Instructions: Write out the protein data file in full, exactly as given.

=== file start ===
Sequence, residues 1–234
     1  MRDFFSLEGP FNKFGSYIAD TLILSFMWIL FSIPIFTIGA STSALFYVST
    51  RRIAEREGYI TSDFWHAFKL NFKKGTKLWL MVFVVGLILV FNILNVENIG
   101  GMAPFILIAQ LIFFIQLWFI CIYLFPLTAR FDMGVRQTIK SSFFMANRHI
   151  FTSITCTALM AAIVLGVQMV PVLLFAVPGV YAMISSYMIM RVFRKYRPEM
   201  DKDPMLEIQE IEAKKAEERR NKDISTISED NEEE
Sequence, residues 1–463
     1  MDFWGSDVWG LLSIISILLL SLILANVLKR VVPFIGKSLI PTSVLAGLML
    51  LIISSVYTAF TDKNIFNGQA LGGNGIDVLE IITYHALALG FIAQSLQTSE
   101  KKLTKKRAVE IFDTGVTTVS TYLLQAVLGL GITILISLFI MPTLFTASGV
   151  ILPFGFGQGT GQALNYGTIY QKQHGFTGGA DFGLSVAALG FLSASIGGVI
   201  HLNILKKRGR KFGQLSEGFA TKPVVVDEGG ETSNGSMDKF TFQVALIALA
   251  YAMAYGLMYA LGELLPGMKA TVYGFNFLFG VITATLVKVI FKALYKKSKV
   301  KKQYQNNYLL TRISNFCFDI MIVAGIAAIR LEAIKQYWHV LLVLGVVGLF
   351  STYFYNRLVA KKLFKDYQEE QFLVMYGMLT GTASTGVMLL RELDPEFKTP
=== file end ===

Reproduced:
Sequence, residues 1–234
     1  MRDFFSLEGP FNKFGSYIAD TLILSFMWIL FSIPIFTIGA STSALFYVST
    51  RRIAEREGYI TSDFWHAFKL NFKKGTKLWL MVFVVGLILV FNILNVENIG
   101  GMAPFILIAQ LIFFIQLWFI CIYLFPLTAR FDMGVRQTIK SSFFMANRHI
   151  FTSITCTALM AAIVLGVQMV PVLLFAVPGV YAMISSYMIM RVFRKYRPEM
   201  DKDPMLEIQE IEAKKAEERR NKDISTISED NEEE
Sequence, residues 1–463
     1  MDFWGSDVWG LLSIISILLL SLILANVLKR VVPFIGKSLI PTSVLAGLML
    51  LIISSVYTAF TDKNIFNGQA LGGNGIDVLE IITYHALALG FIAQSLQTSE
   101  KKLTKKRAVE IFDTGVTTVS TYLLQAVLGL GITILISLFI MPTLFTASGV
   151  ILPFGFGQGT GQALNYGTIY QKQHGFTGGA DFGLSVAALG FLSASIGGVI
   201  HLNILKKRGR KFGQLSEGFA TKPVVVDEGG ETSNGSMDKF TFQVALIALA
   251  YAMAYGLMYA LGELLPGMKA TVYGFNFLFG VITATLVKVI FKALYKKSKV
   301  KKQYQNNYLL TRISNFCFDI MIVAGIAAIR LEAIKQYWHV LLVLGVVGLF
   351  STYFYNRLVA KKLFKDYQEE QFLVMYGMLT GTASTGVMLL RELDPEFKTP